What things should we “unlearn” to be more successful in 2017 and beyond?
What should our governments, our businesses, our community organisations – ourselves – unlearn as we confront and hopefully optimise the most profound technological change in human history?
These questions may surprise many – from students told to learn new skills to companies trawling through oceans of “big data” for insights, to governments investing millions on innovation policy.
Learning is about adding new skills. Unlearning is about removing ourselves from the mental models we used previously and applying new ones.
An ability to unlearn information – that is, to see things differently – is critical to letting go of old habits, challenge traditional thinking and develop new approaches in a fast-changing world.
This is a challenge I have set myself for this year. It will doubtless involve a lot of trial and error, probably lots of errors. But nothing is more affirming than bringing new ideas to life.
The need to unlearn is one reason I am passionate about the future of the arts in Western Australia. Events such as the Perth International Arts Festival, which opens this weekend, encourage us to see the world through another lens.
The arts will never be more important as the line between humankind and machine blurs in coming years. As machines do more “learning” for us, our humanity, our empathy and our ability to imagine will be what sets us apart. It will be the skills derived from the arts that will help us harness the digital economy rather than become slaves to it.
Those who view the arts as mostly a form of recreation or cultural expression miss the bigger picture. The arts’ capacity to see the world differently is a vital life and career skill – a critical tool in the kitbag of anyone who wants to succeed and survive in the digital economy.
Consider what is ahead. A 2013 study by Oxford University’s Carl Frey and Michael Osborne predicts 47 percent of jobs in the United States are at risk of being displaced by technology.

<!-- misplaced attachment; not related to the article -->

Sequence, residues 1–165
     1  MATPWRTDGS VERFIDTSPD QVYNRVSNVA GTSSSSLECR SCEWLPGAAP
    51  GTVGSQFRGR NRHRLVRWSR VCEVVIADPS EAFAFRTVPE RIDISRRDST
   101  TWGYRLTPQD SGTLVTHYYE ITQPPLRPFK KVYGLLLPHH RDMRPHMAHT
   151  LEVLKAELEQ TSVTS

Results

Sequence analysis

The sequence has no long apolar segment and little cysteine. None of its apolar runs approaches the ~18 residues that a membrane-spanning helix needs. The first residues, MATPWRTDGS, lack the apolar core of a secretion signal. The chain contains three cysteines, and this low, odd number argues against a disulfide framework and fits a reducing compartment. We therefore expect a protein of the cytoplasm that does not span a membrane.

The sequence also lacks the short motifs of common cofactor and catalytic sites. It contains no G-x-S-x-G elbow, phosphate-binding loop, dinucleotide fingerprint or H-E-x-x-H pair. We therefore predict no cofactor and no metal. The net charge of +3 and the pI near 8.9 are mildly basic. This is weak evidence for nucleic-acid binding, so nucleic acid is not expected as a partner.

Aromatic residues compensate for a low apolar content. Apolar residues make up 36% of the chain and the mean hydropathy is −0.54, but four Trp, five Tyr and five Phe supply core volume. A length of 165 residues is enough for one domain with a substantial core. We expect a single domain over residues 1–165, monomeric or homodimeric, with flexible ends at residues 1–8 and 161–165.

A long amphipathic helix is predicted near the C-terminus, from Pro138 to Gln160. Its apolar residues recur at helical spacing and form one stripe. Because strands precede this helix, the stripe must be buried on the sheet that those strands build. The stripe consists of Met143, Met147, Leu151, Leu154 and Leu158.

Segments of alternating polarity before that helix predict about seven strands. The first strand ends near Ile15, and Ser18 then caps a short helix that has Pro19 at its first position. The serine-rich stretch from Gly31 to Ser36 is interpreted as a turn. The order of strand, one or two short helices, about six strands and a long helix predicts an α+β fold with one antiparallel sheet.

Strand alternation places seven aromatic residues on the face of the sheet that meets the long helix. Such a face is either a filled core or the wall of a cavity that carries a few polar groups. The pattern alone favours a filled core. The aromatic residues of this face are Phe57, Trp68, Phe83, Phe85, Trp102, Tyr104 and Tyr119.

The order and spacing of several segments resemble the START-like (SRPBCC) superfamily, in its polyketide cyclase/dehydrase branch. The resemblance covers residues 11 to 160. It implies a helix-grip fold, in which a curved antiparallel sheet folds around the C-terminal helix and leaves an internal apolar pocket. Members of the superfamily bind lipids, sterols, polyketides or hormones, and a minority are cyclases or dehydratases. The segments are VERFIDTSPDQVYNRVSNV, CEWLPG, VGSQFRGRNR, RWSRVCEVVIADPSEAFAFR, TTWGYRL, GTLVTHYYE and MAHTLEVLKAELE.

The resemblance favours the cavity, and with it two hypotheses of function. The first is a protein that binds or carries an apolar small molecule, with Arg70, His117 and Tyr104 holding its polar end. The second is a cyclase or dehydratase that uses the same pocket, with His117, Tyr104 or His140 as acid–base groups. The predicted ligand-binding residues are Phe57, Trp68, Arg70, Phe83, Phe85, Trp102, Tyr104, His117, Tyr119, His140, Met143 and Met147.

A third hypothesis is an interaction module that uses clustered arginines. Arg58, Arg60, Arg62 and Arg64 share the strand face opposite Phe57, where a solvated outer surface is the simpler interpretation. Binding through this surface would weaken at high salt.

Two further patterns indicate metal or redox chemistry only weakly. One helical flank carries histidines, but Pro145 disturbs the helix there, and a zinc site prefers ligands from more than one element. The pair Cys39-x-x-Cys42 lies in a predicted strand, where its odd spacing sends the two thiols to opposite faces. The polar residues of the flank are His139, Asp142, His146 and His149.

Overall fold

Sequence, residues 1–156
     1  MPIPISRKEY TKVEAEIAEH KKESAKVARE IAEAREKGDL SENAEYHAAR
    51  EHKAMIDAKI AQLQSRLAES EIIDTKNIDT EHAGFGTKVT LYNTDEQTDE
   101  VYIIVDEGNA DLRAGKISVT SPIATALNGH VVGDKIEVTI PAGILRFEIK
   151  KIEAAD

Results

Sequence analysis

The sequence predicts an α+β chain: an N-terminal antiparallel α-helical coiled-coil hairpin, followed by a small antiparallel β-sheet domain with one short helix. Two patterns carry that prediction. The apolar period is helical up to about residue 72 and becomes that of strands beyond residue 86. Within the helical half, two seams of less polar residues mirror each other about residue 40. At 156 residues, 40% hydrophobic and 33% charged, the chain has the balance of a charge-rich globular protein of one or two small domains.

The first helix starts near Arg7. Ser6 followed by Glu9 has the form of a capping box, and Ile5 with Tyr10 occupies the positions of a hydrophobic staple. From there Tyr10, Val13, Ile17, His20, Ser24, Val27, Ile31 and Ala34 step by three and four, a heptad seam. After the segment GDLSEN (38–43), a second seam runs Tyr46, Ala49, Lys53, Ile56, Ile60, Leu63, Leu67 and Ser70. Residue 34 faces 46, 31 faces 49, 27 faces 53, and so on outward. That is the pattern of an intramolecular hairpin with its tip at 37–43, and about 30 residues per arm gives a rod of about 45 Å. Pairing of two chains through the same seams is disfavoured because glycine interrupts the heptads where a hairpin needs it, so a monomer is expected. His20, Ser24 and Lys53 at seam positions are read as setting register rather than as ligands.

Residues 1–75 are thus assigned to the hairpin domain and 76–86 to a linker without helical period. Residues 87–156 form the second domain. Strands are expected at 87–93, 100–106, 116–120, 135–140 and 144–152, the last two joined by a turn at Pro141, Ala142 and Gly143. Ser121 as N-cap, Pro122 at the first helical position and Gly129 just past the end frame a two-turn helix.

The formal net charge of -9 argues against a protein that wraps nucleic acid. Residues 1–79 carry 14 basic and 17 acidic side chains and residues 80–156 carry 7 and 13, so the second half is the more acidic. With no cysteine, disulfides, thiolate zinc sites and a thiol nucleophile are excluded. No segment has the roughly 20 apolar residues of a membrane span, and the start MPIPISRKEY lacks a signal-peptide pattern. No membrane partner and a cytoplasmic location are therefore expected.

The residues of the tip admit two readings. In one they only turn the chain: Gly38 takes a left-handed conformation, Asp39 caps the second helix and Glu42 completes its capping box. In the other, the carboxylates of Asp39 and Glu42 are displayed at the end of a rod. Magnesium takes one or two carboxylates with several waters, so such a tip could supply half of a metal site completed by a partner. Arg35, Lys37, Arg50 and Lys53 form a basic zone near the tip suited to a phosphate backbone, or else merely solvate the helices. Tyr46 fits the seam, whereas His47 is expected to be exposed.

More legal firms using the artificial intelligence of “robo-lawyers” to rack up billable hours and, just last week, energy giant company Woodside was reported to be using the self-learning AI technology of IBM’s Watson to do the work of hundreds of technicians.
Forecasters tell us that within the decade personal computers will have the processing power of the human brain – 10,000 trillion calculations per second. AI machines will be better at remembering, problem-solving and decision making.
But it is imagination, inspiration and empathy, exemplified by the arts, which define us as humans.
Traditional learning and thinking will not keep pace. Developing more students who excel in science, technology, engineering and mathematics (STEM) fields is necessary but not sufficient. We must develop the human capacity for creativity that helps us adapt to whatever the future holds. As Einstein said, “The greatest scientists are artists as well.”
For me, the challenges of unlearning are multiple. The first is to admit some of my mental models have passed their use-by date, or are limited at best. To admit this is a paradox: why would I change something that has worked in the past? I am getting there, and the next steps are to seek out new ways of seeing the world and embedding this new way of thinking.
The arts are a catalyst to this, not just for me but we as a community. What WA needs are sound policies and appropriate funding.
On the eve of PIAF 2017, I encourage Western Australians to attend the Festival not just for entertainment, but with the knowledge that a genuine appreciation and love of the arts helps us challenge the truth, question our thinking and see the world differently.
Granted, the arts are only a part of the puzzle in the new machine age. However, without a vibrant arts sector, we risk having more information and skills yet less capacity to create and innovate. We risk becoming roadkill on the digital highway.
What could you unlearn in 2017 to be more successful? If you don’t know the answer, come to a theatre, music or dance performance or visit a gallery. It will be an inspiration to unlearn.
John Barrington is Chair, Perth International Arts Festival